In an effort to continue stabilizing home values and improve conditions in communities experiencing high foreclosure activity, Federal Housing Administration (FHA) Commissioner David H. Stevens extended FHA’s temporary waiver of the agency’s ‘anti-flipping rule.’ The extension is intended to accelerate the resale of foreclosed homes in neighborhoods struggling to overcome possible property abandonment and blight.
With certain exceptions, FHA regulations prohibit insuring a mortgage on a home owned by the seller for less than 90 days. Early last year, FHA temporarily waived this regulation through January 31, 2011. On Friday January 28th FHA posted a notice extending this waiver through the remainder of 2011.
This action will permit buyers to continue to use FHA-insured financing to purchase HUD-owned properties, bank-owned properties, or properties resold through private sales. It will allow homes to resell as quickly as possible, helping to stabilize real estate prices and to revitalize neighborhoods and communities.
The extension is effective through December 31, 2011, unless otherwise extended or withdrawn by FHA.
To protect FHA borrowers against predatory practices of “flipping” where properties are quickly resold at inflated prices to unsuspecting borrowers, this waiver continues to be limited to those sales meeting the following general conditions:
- All transactions must be arms-length, with no identity of interest between the buyer and seller or other parties participating in the sales transaction.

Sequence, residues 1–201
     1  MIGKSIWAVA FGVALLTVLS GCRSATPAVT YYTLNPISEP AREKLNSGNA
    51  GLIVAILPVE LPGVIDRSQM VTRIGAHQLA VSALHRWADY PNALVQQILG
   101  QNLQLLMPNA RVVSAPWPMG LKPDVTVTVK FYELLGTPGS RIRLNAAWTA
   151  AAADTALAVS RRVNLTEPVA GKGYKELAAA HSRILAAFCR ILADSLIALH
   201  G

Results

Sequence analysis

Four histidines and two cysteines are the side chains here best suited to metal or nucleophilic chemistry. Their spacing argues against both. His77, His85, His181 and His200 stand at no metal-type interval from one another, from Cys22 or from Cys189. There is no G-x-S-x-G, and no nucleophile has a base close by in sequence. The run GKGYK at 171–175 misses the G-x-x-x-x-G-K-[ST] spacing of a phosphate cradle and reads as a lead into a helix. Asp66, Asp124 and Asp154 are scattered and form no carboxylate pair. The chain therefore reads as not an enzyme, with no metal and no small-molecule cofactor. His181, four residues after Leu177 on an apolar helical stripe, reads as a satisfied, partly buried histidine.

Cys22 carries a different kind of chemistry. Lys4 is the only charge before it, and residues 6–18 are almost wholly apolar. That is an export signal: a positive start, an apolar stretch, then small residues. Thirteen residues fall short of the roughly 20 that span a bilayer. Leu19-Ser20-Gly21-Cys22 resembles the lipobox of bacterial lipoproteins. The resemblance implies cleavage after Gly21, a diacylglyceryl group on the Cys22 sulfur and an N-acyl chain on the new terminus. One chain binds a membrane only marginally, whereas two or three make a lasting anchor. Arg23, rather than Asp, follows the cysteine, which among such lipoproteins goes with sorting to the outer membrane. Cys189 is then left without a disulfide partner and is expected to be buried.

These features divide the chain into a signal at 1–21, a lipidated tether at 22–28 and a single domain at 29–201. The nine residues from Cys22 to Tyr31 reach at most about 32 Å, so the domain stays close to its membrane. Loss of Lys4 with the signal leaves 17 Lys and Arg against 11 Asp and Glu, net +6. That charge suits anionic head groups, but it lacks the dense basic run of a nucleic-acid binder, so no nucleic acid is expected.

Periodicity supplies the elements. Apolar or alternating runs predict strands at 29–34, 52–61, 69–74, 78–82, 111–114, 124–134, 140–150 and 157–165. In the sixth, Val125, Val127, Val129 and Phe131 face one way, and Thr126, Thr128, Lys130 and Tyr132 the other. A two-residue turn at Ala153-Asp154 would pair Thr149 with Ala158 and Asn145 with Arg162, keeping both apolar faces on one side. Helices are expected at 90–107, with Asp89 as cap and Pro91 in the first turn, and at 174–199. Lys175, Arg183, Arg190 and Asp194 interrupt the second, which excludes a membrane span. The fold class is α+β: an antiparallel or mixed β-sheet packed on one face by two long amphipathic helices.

- In cases in which the sales price of the property is 20 percent or more above the seller’s acquisition cost, the waiver will only apply if the lender meets specific conditions.
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The House Appropriations Committee approved an extension of the $729,750 loan limits for Fannie Mae, Freddie Mac, and Federal Housing Administration financing in high-cost areas through September 2010.
Without this extension, the loan limits revert at the end of the year to $417,000 in the highest-cost areas.
The spending bill also would extend FHA’s Home Equity Conversion Mortgage reverse mortgage program for seniors. And it provides $70 million to continue pre-purchase counseling for prospective home buyers and counseling for families facing foreclosure.
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Source: Inman News (07/21/2009)
The Federal Housing Administration had previously announced in early May that First Time Home Buyers would be able to use the (up to) $8,000 tax credit towards the down payment or closing costs of their new home purchase for FHA loans. Later the government revised their position and it looked like First Time Home Buyers would not be able to use the funds in advance.
New guidelines have just been released which now allow First Time Home Buyers to use the tax credit in advance, with the following restrictions:
- The monetizing of the tax credit cannot be used for the 3.5% down payment required by FHA. It can only be used for settlement expenses, or additional down payment funds in excess of the 3.5% or to buy down the interest rate.
- The funds to monetize the tax credit cannot come from anyone who may have an interest in the transaction – the seller, the lender, the real estate agent, the builder, etc.
- The funds to monetize the tax credit CAN come from a family member, any other non-interested party or another finance shop. The limit however is that any finance firm cannot exceed a 2.5% fee (which would limit the interest of any consumer finance agency from participating as an organization to monetize the credit).
- A lien cannot be recorded for the monetized finance amount unless the lender is one of the narrowly approved government sponsored non-profits.
- Repayment of the advance must come from the buyer – the IRS will still send the tax credit to the buyer and the buyer will have to repay the advance to whomever loaned it.
Have questions about how you can monetize the tax credit, contact us.
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